The flight was long! We are about 180 miles away from Tel Aviv right now. I am sitting in a window seat because Greg, one of the people in our group, was nice enough to let me sit here. The view isn’t that great though. All I can see is clouds and blue sky (and the wing). We have started our dissent and are currently at 35,500 feet above the ground (actually above the Mediterranean) The movies I watched were “The Mirror Has Two Faces” and “Ransom”.
Jesse commented on the fact that we were going to “get bread”. Greg asked what he meant and Jesse said, “get bread, lots of it, from peoples hands… Just give them a dime and BREEEEAD!” (Jesse is kind of a big guy so you could tell he would like some bread. Yum.)
We have arrived in Israel! The airport check-out went smoothly and I loaded onto the bus eager to see the sights. Our tour guide explained to us that our weather looks pretty good and that on his last tour it rained the whole time. He also explained that the sites we have seen on CNN will not be on our tour.1 The countryside is beautiful. It is very green here. I have already seen soldiers with their guns. Some other places we passed our Golan Heights, and the place where Joshua lost the battle of _____.2 We are on our way to Jerusalem and past the point where the road was cut off in 1947 when Jerusalem was under siege during the war of liberation. We are climbing the mountains (hills) of Judea or the Mountains of Jerusalem. There are a lot of rocks and stones in the soil here. (Limestone). I just saw the first camel here. (eating grass in an Arab village).
We are entering Jerusalem from the west side so we can’t see the old city yet. After 1967 and the 6 Day War, Jerusalem was able to double its size. Right now it has about 1/2 million people. There are many terraces (steps on the mountain) for growing food / vegetation. Some of the terraces are from biblical times. Welcome to Jerusalem! We are going to have “Porters” carry our bags in. OK just regular bellboys. We are at our hotel now. The hotel is nice and very big. 3
After almost an hour to get set up and cleaned up we took a bus to see Yad Vashem. Yad Vashem is a park honouring the lives of those who were killed in the holocaust. One of the most beautiful things I saw there was a very tall room (more like a long, tall hallway) that was dimly lit by the reflection of only five candles. Although there were only five candles they were reflected millions of times giving the appearance of candles leading into infinity. In the background a tape recording read names of children who were killed in the Holocaust. To hear the same name twice you would have to come back to Yad Vashem in 2½ years.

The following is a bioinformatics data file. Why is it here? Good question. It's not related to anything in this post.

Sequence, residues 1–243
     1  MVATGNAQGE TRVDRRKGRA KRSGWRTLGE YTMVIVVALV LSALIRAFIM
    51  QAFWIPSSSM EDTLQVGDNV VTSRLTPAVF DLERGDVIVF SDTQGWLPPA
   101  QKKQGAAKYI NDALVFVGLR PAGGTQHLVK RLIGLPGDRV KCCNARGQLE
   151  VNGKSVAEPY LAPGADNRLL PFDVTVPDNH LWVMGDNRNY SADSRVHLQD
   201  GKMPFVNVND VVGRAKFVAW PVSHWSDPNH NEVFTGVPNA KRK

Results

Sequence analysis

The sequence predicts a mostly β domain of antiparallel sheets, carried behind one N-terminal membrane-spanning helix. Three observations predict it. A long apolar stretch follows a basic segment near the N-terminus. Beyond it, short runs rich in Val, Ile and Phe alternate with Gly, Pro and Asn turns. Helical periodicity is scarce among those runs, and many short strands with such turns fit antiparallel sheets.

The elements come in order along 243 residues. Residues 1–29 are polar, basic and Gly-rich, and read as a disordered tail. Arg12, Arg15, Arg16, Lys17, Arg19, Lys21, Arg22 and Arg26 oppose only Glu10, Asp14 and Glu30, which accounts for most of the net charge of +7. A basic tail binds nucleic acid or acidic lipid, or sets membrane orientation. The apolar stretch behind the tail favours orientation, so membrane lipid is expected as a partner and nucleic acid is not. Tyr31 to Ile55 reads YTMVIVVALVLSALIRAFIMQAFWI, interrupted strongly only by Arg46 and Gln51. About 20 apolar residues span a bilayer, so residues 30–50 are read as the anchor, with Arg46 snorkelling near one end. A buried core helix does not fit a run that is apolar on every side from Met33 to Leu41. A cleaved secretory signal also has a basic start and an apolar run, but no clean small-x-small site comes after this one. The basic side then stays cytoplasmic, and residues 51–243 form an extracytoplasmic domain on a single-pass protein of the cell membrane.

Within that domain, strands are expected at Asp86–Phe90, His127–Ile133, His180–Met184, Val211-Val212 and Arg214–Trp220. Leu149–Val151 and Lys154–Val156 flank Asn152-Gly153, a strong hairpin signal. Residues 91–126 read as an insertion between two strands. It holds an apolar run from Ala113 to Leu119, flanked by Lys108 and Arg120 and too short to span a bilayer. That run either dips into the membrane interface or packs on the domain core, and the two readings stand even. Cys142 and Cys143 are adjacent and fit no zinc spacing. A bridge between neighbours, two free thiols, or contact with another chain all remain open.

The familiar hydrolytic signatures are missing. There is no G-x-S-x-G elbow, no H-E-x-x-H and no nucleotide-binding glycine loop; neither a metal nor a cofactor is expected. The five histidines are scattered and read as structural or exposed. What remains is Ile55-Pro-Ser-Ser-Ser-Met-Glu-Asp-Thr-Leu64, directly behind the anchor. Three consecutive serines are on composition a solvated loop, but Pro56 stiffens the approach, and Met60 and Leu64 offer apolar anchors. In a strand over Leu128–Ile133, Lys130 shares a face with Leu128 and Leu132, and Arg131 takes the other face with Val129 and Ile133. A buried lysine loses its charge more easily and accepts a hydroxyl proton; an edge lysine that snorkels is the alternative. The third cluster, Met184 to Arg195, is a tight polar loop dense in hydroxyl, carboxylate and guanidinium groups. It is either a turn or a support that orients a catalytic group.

After we left Yad Vashem I was very tired and fell asleep on the bus.
The next place we visited was the model city. It was so cool. (I have lots of pictures.) It showed a 1 to 50 scale representation of the city of Jerusalem during the year 66AD. The detail that was put into the model is really amazing.
Before we went to Yad Vashem the tour guide took us to Israel’s answer to the greasy spoon. “Clean” in the Middle East actually means “clean enough — the North Americans will eat off anything.”
So we all got in line for some food. This meal was not paid for ahead of time. I got up to where the food was and it dawned upon me that I would not like ANY of the food. I had already grabbed a Sprite so I opted out for the rest of the meal. 600 shekels, or some sort of Hebrew currency anyway, round up on the machine. I said, “American money”. He said “two dollars”. Ouch I thought, “for a can of pop?” Luckily, I didn’t order any food as the rest of the kids did. Theirs cost between $10 and $12 USD and they thought it was the most disgusting thing they had ever eaten. Live and learn I guess.
- During this time there was intifada in Israel and some places were not safe for travel.
- I think this was left blank in my journal because I couldn’t keep up writing as fast as the tour guide was speaking.
- It is a very orthodox/Kosher hotel.